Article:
On the fourth day after getting the news it was impulse that sent Anna Marie to the hair salon. She had her hair cut down to her neck, a broad streak of white put in at the front. Her friends completely approved when they saw her.

"Why white though?" Carlie asked.

Anna Marie shrugged. "It goes with everything."

Logan had been less than pleased when he saw, though not quite for the reason that Anna Marie would have guessed.

"You're going to have to dye that back," he warned her. "There's a strict dress code at the school. No dyed hair."

"Too bad," Anna Marie replied haughtily. "I'm not doing it."

"Anna, it's the rules—"

Anna Marie made a rude noise. "What are they going to do? Expel me?"

Logan stifled a sigh and dropped it. Anna Marie counted it as a victory.

Anna Marie put off packing as long as possible. She ignored the arrival of a luggage set in her room and all the hints that she had better get started. She couldn't put it off forever, unfortunately, and come the night before their departure Logan and Irene put their feet down and sent her up to pack.

"How's it going?" Logan asked Anna Marie as she passed by him in the hallway on the way back to her room from the bathroom.

"Fine," she replied tersely before slamming the door behind her.

Logan sighed and muttered something under his breath. It was going to be a long trip to New York.


Anna Marie and Logan headed on to New York the next morning in Logan's pickup. Her bags were stowed in the back and they were driving in sullen silence. Logan had long since given up on any meaningful conversation as it had become quite clear that his daughter was determined to make everything as difficult for him as possible. He should have realised the moment he told Professor Xavier that Anna Marie was a 'sweet kid' it was going to bite him on the rear.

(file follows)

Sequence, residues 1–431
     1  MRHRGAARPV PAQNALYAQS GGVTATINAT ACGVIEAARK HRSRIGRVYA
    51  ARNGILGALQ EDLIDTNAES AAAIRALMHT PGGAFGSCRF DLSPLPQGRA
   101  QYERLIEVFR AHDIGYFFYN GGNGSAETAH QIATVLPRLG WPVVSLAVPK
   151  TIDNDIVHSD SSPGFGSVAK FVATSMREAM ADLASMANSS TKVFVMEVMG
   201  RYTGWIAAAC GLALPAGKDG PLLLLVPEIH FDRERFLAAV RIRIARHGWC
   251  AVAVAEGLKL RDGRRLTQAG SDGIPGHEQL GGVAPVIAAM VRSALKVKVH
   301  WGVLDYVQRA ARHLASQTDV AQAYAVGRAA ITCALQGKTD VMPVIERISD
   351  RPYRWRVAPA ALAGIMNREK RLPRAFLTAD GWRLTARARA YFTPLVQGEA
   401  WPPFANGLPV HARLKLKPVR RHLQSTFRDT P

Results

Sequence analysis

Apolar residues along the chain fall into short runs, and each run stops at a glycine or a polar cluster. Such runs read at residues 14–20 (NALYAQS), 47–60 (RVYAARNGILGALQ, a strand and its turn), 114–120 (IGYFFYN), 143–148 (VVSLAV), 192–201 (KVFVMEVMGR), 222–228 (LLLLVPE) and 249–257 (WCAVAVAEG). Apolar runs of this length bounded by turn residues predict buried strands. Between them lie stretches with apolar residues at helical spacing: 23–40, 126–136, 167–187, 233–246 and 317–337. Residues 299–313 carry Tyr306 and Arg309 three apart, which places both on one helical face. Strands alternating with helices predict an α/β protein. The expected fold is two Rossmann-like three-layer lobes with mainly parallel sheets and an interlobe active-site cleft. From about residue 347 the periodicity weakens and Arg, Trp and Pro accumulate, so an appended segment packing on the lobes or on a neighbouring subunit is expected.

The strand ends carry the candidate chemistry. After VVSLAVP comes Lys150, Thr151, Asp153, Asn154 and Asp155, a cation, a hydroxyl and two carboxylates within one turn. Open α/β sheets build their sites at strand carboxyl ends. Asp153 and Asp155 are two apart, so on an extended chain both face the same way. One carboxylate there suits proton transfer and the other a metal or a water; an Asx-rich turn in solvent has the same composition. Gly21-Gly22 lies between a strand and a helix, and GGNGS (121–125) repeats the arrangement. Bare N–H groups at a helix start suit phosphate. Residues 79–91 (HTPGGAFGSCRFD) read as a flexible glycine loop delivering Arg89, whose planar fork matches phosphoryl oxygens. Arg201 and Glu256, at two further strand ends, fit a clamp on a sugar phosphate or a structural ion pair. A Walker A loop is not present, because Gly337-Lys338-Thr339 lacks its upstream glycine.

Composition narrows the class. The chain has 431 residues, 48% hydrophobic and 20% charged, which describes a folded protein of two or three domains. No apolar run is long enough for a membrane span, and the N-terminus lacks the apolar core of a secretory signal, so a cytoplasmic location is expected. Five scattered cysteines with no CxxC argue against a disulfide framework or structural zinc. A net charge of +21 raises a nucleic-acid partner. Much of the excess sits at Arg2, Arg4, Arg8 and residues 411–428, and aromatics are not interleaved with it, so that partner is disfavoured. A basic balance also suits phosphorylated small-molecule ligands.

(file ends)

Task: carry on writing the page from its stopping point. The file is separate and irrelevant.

Her mood only grew worse on the trip as Logan had opted to give her reading material in the form of the code of conduct for the school. Every word had Anna Marie chomping at the bit. The first injustice was the uniform.

"We have to wear a uniform?" Anna Marie exclaimed with horror the moment her eyes landed on the words. "You have to be kidding me."

"Nope," Logan replied, his eyes trained on the road.

"What is this? The freaking military?"

"Nope."

"It may as well be!"

"Relax already, darlin'," Logan said. "You only have to wear it during classes and school events. You can wear anything you want outside of school hours."

"Oh, I'm sorry, was that supposed to make me feel better?" Anna Marie snapped at him. "Because if so, it didn't work."

Logan didn't reply, and Anna Marie went back to glowering at the code of conduct. When in uniform, the only jewellery they were allowed to wear were simple studs in the earlobe and a watch. They could wear sunglasses, of a specific type. They could wear a headband if they wanted but it had to be in the school colours. No makeup, not even lip gloss. Dyeing your hair an unnatural colour was forbidden. Shirts had to be tucked in at all times. Skirts were relegated to three inches above the knee and any girls whose skirt came up higher on their leg than that got detention for the sole purpose of adjusting the hem. They had to wear proper socks. Shoes had to be polished. The list went on and on with each new item making Anna Marie fume that much more.

There were a few annoying things she wasn't at all surprised to find in the list such as the curfew and that girls weren't allowed in the boys dorms and vice versa. On the bright side there was also some kind of rewards program for good behaviour, although she couldn't determine how that was supposed to work from the code of conduct.

"I'm sure you're going to like it," Logan said some time after Anna Marie finally put the code of conduct aside. "They've got some pretty good facilities there, a lot better than anything you'd get in a public school."

Anna Marie didn't reply.

"And that's not even counting the pools," Logan said with a glance towards his daughter with each new feature searching for a reaction, "or the lake. They've got jetskis. And dirt bikes. And horses."

"Whoopiedo," Anna Marie said blandly.

Another long sullen, awkward silence later, Logan spoke again:

"The dorm rooms are full, so you'll be bunking with me," he said and when he still got no response he continued, "It used to be an all boys school, so there's a lot more boys at the school than girls at the moment. And Chuck, umm, Professor Xavier, likes to mix up the ages in the different classes, so you'll probably have classes with everything from freshmen to seniors."